When A Business Can Be Sued For Personal Injury
Thursday, August 5, 2021 12:04 PM
Every business must keep its customers safe when they spend time on their property, and every customer has the right to be safe on said property. However, accidents do happen, resulting in injuries on business property. These accidents can be minor or inconvenient to serious injuries. If a business does not provide a safe environment resulting in your injury, the business may be legally responsible. If you are injured on business property, you may be entitled to compensation. When Is a Business Responsible for Injury? A majority of personal injury lawsuits are filed on the grounds of negligence. You must show that the business was required to act with a duty of care, that the duty was breached, and your injury occurred as a result of the breach. You have a right to feel relatively safe when stepping foot on the premises of a business. Each business should provide a reasonably safe environment for you and other customers to shop. If a business fails to meet that obligation, and you become injured, then you may be able to bring a claim for damages. There are three elements of a personal injury lawsuit against a business for an injury: a duty of care owed by the business, a breach of the duty of care, and harm caused by the breach (aka damages). Duty of Care Any business that welcomes customers onto its property has a duty of care to provide for their safety. A duty of care does not mean that a business is liable for all injuries suffered by its customers, but it does mean that a business needs to act within a reasonableness standard. Some of these standards include:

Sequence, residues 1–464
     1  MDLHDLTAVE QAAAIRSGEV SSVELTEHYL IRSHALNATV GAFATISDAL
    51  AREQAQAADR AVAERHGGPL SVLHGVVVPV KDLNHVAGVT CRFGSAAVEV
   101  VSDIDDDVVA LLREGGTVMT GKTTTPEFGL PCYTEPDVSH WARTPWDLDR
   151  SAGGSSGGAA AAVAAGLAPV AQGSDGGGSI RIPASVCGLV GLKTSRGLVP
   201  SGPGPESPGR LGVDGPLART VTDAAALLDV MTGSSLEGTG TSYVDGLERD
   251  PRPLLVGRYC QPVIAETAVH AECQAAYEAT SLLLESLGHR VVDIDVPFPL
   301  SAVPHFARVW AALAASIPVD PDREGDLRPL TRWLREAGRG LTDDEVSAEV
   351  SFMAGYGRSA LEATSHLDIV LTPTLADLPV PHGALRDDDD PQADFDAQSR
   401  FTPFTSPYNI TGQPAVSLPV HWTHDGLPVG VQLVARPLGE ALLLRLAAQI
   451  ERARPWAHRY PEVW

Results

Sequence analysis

- Implement and adhere to procedures to regularly inspect the property for defects that could cause injury or harm to customers
- Regularly cleaning the property to prevent accidents
- Alerting customers of potential hazards (i.e. warning signs near wet floors)
- Immediately repairing or cleaning up potential hazards to prevent injuries
- Failure to create a regular cleaning schedule to remove spills from the floor
- The cleaning schedule was not adhered to on the day of your injury
- An employee noticed the spill but failed to clean it due to being distracted by another task
- Seek medical attention immediately. Even if your injury is minor or no injury is evident, it’s important to document the incident in case you need medical care in the future. Some injuries don’t show up until later, and a minor injury may get worse over time.
- Collect evidence. Immediately after the accident and after you have called for medical assistance, make sure to document the incident scene. Take photos (or have a witness do so if you are unable to) of the unsafe conditions that lead to your injury. Assess the environment for signs of negligence.
- Gather information. Get the names and contact information of persons who may have witnessed your injury. Witnesses provide another perspective of what happened and can help back up your story to show that you aren’t liable for the accident that caused your injuries. If possible, also provide witnesses with your name and contact information.
- Document the incident. As soon as you are able, write down your recollection of the incident, including all the details you can remember in chronological order. Additionally, document any pain or injury-related issues following the incident – including the severity and location, and if it causes you to miss work or school.
- Save your medical records. Once you’ve received medical care, save all correspondence and documentation from your doctor and insurance company.
- Consult with an attorney. An experienced personal injury attorney can determine whether or not you have a case against the business where the injury occurred. Best to get a consultation as early on as possible.